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Dev Psychopathol. 2012 Nov;24(4):1443-51. doi: 10.1017/S095457941200082X.

Neurobiology meets genomic science: the promise of human-induced pluripotent stem cells.

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Yale University School of Medicine, New Haven, CT 06520–7900, USA.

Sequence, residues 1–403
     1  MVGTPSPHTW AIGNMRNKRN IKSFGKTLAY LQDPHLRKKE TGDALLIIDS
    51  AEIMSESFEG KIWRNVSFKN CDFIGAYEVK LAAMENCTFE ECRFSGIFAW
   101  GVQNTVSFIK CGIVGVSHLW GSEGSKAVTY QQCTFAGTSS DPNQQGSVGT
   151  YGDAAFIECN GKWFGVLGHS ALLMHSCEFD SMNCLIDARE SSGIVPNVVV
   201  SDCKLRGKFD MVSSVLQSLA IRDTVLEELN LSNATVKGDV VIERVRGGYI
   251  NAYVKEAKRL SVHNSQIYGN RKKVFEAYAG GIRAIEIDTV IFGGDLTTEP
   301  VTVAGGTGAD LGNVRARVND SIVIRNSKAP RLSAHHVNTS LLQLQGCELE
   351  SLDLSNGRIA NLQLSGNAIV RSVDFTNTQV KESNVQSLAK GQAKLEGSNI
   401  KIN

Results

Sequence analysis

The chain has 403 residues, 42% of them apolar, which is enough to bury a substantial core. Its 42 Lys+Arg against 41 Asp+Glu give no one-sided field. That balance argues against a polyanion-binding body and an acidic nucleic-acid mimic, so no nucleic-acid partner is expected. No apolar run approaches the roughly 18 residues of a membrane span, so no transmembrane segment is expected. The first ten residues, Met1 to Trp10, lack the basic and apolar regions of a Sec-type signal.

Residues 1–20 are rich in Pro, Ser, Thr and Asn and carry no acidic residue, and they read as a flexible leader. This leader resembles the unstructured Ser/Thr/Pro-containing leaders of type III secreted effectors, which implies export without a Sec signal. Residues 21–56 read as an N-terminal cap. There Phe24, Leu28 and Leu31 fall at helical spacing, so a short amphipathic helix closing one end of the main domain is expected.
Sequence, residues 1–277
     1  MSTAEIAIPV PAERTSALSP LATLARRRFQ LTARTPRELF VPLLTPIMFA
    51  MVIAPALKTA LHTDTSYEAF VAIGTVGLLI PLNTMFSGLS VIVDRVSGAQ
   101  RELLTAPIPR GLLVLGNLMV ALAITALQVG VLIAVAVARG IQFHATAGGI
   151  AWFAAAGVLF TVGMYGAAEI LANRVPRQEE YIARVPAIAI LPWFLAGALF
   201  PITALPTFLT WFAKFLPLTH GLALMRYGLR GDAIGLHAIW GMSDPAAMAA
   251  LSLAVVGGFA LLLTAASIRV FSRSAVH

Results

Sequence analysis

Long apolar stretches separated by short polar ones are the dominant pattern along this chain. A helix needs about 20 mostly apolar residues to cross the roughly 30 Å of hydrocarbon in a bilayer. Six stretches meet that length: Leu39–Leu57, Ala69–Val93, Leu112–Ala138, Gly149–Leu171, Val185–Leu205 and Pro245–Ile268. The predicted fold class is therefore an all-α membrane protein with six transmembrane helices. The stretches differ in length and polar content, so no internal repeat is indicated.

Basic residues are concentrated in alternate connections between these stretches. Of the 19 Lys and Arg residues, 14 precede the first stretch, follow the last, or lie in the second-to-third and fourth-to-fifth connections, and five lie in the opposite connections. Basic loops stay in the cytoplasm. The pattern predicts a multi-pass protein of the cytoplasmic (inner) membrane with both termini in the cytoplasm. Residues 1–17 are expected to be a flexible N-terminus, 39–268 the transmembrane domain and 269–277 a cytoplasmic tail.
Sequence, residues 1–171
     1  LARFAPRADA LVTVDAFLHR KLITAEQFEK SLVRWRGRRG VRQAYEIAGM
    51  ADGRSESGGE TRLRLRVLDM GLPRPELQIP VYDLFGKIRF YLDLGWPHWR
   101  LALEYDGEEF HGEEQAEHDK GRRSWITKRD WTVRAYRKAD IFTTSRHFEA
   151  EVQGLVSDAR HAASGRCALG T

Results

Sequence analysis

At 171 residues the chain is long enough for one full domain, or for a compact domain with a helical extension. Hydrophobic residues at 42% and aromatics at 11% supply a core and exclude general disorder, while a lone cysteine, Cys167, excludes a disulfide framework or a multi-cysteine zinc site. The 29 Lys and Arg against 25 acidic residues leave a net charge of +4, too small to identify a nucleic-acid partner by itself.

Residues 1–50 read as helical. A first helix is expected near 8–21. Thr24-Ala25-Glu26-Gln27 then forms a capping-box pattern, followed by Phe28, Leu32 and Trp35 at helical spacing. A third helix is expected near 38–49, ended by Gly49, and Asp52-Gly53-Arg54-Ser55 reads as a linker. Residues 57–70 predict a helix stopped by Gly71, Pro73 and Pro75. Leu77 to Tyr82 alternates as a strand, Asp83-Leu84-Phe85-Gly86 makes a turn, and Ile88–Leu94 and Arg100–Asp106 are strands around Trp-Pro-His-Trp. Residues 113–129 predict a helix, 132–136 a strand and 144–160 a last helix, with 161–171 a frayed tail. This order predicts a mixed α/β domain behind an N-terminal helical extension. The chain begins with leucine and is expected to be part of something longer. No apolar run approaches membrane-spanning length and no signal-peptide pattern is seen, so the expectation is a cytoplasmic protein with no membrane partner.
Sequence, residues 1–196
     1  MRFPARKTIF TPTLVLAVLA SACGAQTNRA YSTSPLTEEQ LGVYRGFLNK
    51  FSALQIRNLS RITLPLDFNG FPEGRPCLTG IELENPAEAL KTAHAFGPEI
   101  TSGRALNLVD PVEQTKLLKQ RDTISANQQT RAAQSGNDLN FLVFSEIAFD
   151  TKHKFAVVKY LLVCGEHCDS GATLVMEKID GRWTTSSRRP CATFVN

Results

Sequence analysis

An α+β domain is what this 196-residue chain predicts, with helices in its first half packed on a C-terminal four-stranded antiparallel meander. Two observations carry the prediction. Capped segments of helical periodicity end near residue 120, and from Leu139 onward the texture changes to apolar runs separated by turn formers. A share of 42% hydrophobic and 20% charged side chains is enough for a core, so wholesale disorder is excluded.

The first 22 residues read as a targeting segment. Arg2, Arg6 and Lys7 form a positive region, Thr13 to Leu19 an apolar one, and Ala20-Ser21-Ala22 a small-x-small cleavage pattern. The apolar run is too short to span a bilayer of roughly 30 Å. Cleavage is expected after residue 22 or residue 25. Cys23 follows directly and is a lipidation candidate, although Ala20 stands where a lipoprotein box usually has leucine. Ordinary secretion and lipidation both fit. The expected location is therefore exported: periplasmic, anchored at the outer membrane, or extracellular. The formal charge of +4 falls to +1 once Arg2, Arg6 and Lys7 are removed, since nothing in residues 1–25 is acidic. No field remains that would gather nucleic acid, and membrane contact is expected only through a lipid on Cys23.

The recent introduction of the induced pluripotent stem cell technology has made possible the derivation of neuronal cells from somatic cells obtained from human individuals. This in turn has opened new areas of investigation that can potentially bridge the gap between neuroscience and psychopathology. For the first time we can study the cell biology and genetics of neurons derived from any individual. Furthermore, by recapitulating in vitro the developmental steps whereby stem cells give rise to neuronal cells, we can now hope to understand factors that control typical and atypical development. We can begin to explore how human genes and their variants are transcribed into messenger RNAs within developing neurons and how these gene transcripts control the biology of developing cells. Thus, human-induced pluripotent stem cells have the potential to uncover not only what aspects of development are uniquely human but also variations in the series of events necessary for normal human brain development that predispose to psychopathology.

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